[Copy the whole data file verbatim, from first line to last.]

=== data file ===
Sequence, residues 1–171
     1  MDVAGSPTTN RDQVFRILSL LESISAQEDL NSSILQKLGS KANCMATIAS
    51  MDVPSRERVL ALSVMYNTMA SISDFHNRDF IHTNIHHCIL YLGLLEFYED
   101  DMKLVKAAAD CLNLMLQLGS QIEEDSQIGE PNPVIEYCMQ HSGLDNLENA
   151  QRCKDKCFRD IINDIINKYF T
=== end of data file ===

Sequence, residues 1–171
     1  MDVAGSPTTN RDQVFRILSL LESISAQEDL NSSILQKLGS KANCMATIAS
    51  MDVPSRERVL ALSVMYNTMA SISDFHNRDF IHTNIHHCIL YLGLLEFYED
   101  DMKLVKAAAD CLNLMLQLGS QIEEDSQIGE PNPVIEYCMQ HSGLDNLENA
   151  QRCKDKCFRD IINDIINKYF T